And I’m finally halfway through Netflix’s Daredevil, a month after everyone else stopped talking about it. I am intrigued. And it’s really really violent. Like, amazingly violent. But what I’m liking is the dialog, and what they’re doing with Fisk, making him sympathetic by introducing him as this awkward guy trying to ask a woman on a date — right before showing what a maniac he is. Hey, Vanessa, when Fisk said, “My painting.” That’s when you needed to get up and leave the room forever. (And that’s how you do dialog. Two words, and the bottom dropped out of my stomach.)
June 10, 2015
I’m just back from almost three weeks of adventures, and I had an excellent time, but it’s really nice to be home and back to a normal schedule, walking the dog and eating my favorite cereal and so on. I have a pile of work I need to get to. Don’t I always?
Here’s one of the pictures from Florida, where I went last week, to do some diving out of Key Largo. Can YOU find the iguana?
And a review:
Game of Thrones: I gave it a couple more chances but I’m done now. This past episode, I turned it off in the middle when I realized what was going to happen. I thought, “Surely they won’t go through with it.” Then I thought, but this is Game of Thrones. I just knew I didn’t need to see that.
I also realized something about the show: for all the tragedy and mayhem, I don’t think I’ve ever cried. There have been so many sad deaths — and maybe that’s why I haven’t cried. Sad death is the normal baseline for the show. What’s more, the show is about shocking the audience. And each shock has to be bigger than the last. The thing is — shock value is not the same emotional engagement. Shock value will not make me cry, and will not make me care.
At this point, I might as well be watching demolition derby.
June 3, 2015
I’m finally caught up on The Flash and now I’m going to talk about why I liked that finale so much.
And it’s not just because I actually had to leave the room to pull myself together after that one scene, because my friends were there and I was blubbering incoherently, and I usually only do that when I’m by myself.
So last week I spent six days reading unpublished short stories and novel excerpts and critiquing them. All the writers at this workshop are published, accomplished writers, but one issue comes up over and over again, and that’s pacing and tension. Are things happening too quickly, not quickly enough? Is the reader looking forward to what happens next or just plodding through? Is there too much information or not enough? Is the tension genuine or contrived? Get any of these points wrong, the piece usually fails.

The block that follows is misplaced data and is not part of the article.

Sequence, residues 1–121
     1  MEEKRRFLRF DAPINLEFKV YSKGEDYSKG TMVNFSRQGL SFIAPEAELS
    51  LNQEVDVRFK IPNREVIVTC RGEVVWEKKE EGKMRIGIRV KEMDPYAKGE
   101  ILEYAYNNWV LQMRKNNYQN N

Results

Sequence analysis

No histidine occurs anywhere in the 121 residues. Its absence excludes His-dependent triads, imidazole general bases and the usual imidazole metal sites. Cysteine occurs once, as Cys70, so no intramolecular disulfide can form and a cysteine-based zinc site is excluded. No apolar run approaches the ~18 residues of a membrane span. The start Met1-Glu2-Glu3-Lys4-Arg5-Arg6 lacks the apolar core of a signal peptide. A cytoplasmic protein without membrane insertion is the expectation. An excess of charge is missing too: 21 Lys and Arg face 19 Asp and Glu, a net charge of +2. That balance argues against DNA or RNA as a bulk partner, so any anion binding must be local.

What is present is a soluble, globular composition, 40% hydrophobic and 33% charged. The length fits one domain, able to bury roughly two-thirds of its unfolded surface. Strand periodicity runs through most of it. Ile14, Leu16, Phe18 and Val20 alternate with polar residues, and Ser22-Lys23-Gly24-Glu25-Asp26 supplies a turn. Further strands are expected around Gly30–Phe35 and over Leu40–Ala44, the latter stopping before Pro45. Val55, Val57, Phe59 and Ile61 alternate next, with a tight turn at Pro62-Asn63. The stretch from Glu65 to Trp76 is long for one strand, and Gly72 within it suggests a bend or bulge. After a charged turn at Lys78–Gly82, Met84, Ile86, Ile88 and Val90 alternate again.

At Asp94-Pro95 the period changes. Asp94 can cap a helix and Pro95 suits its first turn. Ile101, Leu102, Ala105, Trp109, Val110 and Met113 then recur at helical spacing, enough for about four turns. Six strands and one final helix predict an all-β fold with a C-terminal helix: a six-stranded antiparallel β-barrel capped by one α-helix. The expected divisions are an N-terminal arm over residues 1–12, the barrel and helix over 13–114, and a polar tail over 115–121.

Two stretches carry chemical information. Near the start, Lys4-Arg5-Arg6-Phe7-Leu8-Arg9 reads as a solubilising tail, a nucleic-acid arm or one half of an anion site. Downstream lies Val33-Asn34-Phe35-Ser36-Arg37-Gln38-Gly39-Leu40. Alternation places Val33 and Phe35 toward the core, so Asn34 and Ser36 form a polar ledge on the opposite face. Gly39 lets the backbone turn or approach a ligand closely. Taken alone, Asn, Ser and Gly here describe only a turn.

And then I come home and watch this episode. This was actually a sedate episode, action wise: Barry is going around and asking advice about what he should do. These all turned into really big conversations about fate, relationships, meaning, regret. And they sparked conversations among all the secondary characters about the same kinds of things. One of these conversations led to an instant wedding which was just fantastic and I cheered.
Any one of these conversations could have anchored an entire episode of another show, and I thought it was brilliant that The Flash put them all together — not just that, but each conversation triggered the one after it. This led to such a build up of emotional energy, that by the time the one big action sequence actually starts — Can Barry run fast enough? Will he survive? — the tension is almost unbearable.
And then when we think he’s made one decision, he changes it. It’s unexpected, but not in hindsight. In hindsight it’s perfect, and all that emotional tension breaks. And that’s why this scene, which could have been too sappy and maudlin (and maybe was for some people) became so freaking powerful.
And then just when we thought it was all over, there’s one more big astonishing action free-for-all, and I kind of lost it, even more than I already had.
Pacing. This episode built tension with a bunch of conversations, and every one of them was necessary for the pay off.
AND THEN CLIFFHANGER ARGH! The only other thing I have to say is that helmet better go somewhere and not just be a throwaway easter egg.
May 20, 2015
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So many ideas buzzing around my brain today. And it’s still raining here. I’m sun activated, so this is really getting me down. It’s not supposed to be gray and mucky on Memorial Day weekend. I’m tired of being cold.
I keep running into other peoples’ posts that insist that Mad Max: Fury Road doesn’t have a story and isn’t really feminist. While I have an urge to argue with people over this. (How can any movie that has the Vuvalini, where the entire point is to overturn a patriarchal nightmare with a more egalitarian system where everyone has agency, not be feminist? What?) But I have decided for my own sanity not to engage in these arguments. I should be writing instead.
Speaking of feminist, I’m one of those people who might be bailing on Game of Thrones after this last episode. For me, it’s mostly that they were setting Sansa up to be one thing — she was figuring things out, she was conniving on her own, and telling people off. But then the show just subjected her to the same old same old violence. Overall, the show is exhibiting many of the same traits that are the reasons I don’t read multi-volumn, multi-p.o.v. epic fantasy. How much longer am I going to have to wait for a Brienne episode? And on a TV show I can’t skip chapters to get back to the characters I like.
And I think I’m coming down with a cold. WAAAAAAAAAAAH.
April 22, 2015
Here’s what I posted on Facebook about it:
This season on Agents of SHIELD:
“We have to do X, we have no other choice.”
“That’s a really bad idea.”
“Yes, but right now X is our only option for advancing the plot.”
*pulls ripcord, bails on show*
I’m tired of letting loyalty to a brand force me into watching a crappy show. There are moments of brilliance — Kyle Maclachlan’s Cal is so deliciously crazy. The slow burn revelation of superpowered people is really interesting. But the moment in last night’s episode when Bobbie and Mac are sparring and they stop and basically say, “Maybe we were wrong about Coulson,” I just about screamed and hit the TV, because this means they’re basically going to undo the last six weeks of plot and the show has just been spinning its wheels in the stupidest way possible.
If this is the same thing that happened last season — the show’s hands being tied because they can’t step on the toes of the big movie release — then Marvel really needs to work on their structure because this is dumb and is making for some bad TV.
Or they could just, you know, give us more “Agent Carter.” *hint hint*